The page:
July 02, 2005

Ethnography, journalism and interview rituals

Kerim Friedman has two interesting posts at Savage Minds discussing the role of quote-selection in ethography and in journalism.

In the first post, entitled Interviews, he suggests that

One option is to make the source data – the interviews themselves – available to download. In fact, such “grey literature” may eventually become available as part of AnthroSource, but it will not be easy. For one thing, there are confidentiality concerns. How do we make our data publicly available while still protecting our sources? It is possible to do – but it would create a huge burden on researchers. In essence, one might be punished for being a good researcher and collecting large amounts of data, because then you would have to carefully censure much more data to make sure it is safe for public consumption.

I'd like to point out that it's not always so bad. In the first place, you can do some ethnography using material that is already public, like radio talk show recordings, blogs and so on. There are also interviews that deal with material that is in the public sphere (or at least is not intrinsically private), like oral history recordings, where anonymity is not expected and where it's normal to obtain informed consent for publication without anonymization. In other cases, it might make sense to offer an "interview anonymization" as a service that could be performed using special tools and specially trained people; then the burden would be on granting agencies to fund anonymization for publication, rather than on researchers to do it all for themselves as a extra chore.

Some might argue that public-sphere recordings (like talk shows and oral history interviews) engender biases of selection and self-presentation. Probably so, but the same could be said for any other sort of interview; and Kerim implicitly addresses this point in his second post, entitled Vox Populi, where he discusses the case of Greg Packer:

In 2003 Ann Coulter suggested that the New York Times had made him up because she found over a hundred posts where he was quoted “as a random member of the public.” Well, it turned out that he is in fact a real person, and that getting quoted by the press is his hobby. NPR’s show On the Media interviewed him this past weekend, and he still seems to be doing the same thing, despite a memo by the Associated Press management telling their reporters to avoid him.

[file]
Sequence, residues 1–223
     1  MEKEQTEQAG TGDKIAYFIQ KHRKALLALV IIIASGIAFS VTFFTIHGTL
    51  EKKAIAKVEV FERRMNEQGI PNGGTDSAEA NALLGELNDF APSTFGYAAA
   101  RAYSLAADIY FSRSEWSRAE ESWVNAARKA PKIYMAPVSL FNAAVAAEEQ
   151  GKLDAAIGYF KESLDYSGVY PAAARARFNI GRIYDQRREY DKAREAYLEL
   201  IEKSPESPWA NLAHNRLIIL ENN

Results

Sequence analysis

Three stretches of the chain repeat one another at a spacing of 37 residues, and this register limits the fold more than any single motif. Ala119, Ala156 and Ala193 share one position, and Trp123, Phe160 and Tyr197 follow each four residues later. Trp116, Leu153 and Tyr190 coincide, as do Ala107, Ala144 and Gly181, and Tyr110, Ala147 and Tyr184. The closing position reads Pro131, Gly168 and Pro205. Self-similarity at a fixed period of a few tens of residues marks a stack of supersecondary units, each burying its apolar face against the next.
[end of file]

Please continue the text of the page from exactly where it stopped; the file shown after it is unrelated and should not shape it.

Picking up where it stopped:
It made me think about ethnographic Greg Packers. Like reporters, anthropologists often end up speaking to those informants who like speaking to us. I know that some of my informants have since ended up meeting other anthropologists working in the area, although I don’t know if they ended up in their dissertations or not. I have also twice had the experience of suddenly recognizing the description of another anthropologist’s informant as a mutual friend.


Because anthropological sources are usually pseudonymous, it isn’t possible to trace our Greg Packers across ethnographies, so we’ll never know how many of them there are.

Kerim links to an NPR "On the Media" interview with Greg Packer (mp3, transcript).

BROOKE GLADSTONE: There's a certain kind of story that calls for a few words from the man on the street, but for every time reporters call on a local man or area resident, there are a bunch of responses you never hear, such as "Please leave me alone," or "Get lost," or "How much will you pay me?" But if finding a willing voice is a problem for journalists, Greg Packer has provided the solution for more than a decade. In the last 10 years, he's been quoted at least a dozen times by the New York Post. He's been quoted at least 14 times by the Daily News, most recently just last week. He was quoted in the Atlanta Journal-Constitution two weeks ago. And Packer has been quoted or photographed at least 16 times on separate occasions by the Associated Press. But who's counting? Actually, Packer is.

There are other Greg Packers out there among the experts that journalists use to get quotes on political, financial or other specialized topics. Journalists quickly learn who can be counted on to return a call and "give good quote". Willing sources soon learn what sort of thing journalists want to hear, and will gladly trade a few minutes of their time for yet another mention in the press as an expert on X.

Posted by Mark Liberman at July 2, 2005 01:39 PM